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White House Nominates Alumnus Patrick Murphy as Under Secretary of the Army

Murphy delivers the commencement address at The Forum at the Capitol Complex in May 2009. If confirmed, he will be the Army’s second-highest civilian leader.

The White House on Wednesday nominated Widener University School of Law-Harrisburg alumnus Patrick J. Murphy as under secretary of the Army, its second highest-ranking civilian leader. The appointment adds to an already impressive list of public service accomplishments for the 1999 graduate.

Murphy, 41, was the first Iraq war veteran to be elected to U.S. House of Representatives, serving Pennsylvania’s 8th Congressional District for two terms from 2007 to 2011. During his time in Congress, Murphy served on the Armed Services Committee, the Permanent Select Committee on Intelligence, and the Appropriations Committee. In 2010, he was the author and chief sponsor of the bill to repeal the Department of Defense’s Don’t Ask, Don’t Tell policy.

“Patrick Murphy is an outstanding leader who is dedicated to public service,” Widener Law Commonwealth Dean Christian Johnson said. “We congratulate Patrick on this honor and know that he will represent Widener Law Commonwealth, the U.S. Army and the nation admirably in this role.”

If confirmed, Murphy will replace Erik Fanning who has served as acting under secretary since June. In this capacity, Murphy will be responsible for the Army's budget, diversity in the ranks, business transformation and energy efficiency initiatives.

After serving in Congress, Murphy became a partner with the national law firm Fox Rothschild, LLP, serving as general counsel for small businesses, including several that are veteran-owned. He also serves as the anchor of Taking the Hill, the MSNBC show dedicated to leadership, public service and breaking down the civil-military divide in the country. In addition, he is a senior fellow at the Center for American Progress, an independent nonpartisan policy institute that is dedicated to improving the lives of all Americans.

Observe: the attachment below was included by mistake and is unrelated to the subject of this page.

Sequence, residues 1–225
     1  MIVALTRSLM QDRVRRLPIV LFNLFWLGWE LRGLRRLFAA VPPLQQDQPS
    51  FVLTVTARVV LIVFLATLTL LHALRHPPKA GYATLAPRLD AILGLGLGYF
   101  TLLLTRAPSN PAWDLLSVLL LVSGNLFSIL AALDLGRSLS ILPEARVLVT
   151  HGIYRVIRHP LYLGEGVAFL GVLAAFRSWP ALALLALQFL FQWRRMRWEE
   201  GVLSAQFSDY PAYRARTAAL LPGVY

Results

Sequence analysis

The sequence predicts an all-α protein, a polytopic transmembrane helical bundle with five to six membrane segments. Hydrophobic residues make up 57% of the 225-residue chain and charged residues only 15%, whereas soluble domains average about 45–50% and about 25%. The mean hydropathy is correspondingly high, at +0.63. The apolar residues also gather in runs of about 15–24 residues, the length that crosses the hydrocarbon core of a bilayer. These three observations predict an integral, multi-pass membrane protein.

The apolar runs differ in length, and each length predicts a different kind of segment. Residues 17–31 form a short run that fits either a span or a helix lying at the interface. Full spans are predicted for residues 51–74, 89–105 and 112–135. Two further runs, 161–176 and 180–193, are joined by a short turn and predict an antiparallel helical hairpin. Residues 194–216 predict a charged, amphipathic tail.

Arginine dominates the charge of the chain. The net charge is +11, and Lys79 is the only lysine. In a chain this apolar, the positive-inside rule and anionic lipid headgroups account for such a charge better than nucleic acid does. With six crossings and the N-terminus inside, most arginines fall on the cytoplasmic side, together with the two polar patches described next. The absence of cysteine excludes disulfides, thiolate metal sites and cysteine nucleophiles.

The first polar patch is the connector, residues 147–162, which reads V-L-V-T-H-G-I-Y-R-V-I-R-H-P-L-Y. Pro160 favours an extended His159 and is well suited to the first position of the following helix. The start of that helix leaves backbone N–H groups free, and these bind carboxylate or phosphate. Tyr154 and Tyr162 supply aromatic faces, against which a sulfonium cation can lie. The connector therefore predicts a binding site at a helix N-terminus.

Murphy served in the Army from 1993 to 2004. After September 11, 2001, he volunteered for deployment, serving in Bosnia in 2002 and in Baghdad during the Iraq War. While in Baghdad, he was a captain in the 82nd Airborne Division and earned a Bronze Star. He penned an autobiography about his life and experiences titled Taking the Hill: From Philly to Bagdad to the United States Congress which was published by Henry Holt and Company in 2008.

An active alumnus, Murphy has served as an adjunct professor for the law school and as a member of the school’s National Advisory Committee since 2007. He was the speaker for the 2009 commencement ceremony, during which he received an honorary doctor of law degree. As a law student, Murphy participated in the Harrisburg Civil Law Clinic and helped to revive the Widener chapter of the St. Thomas More Society, a national organization of Catholic lawyers dedicated to public service.

 

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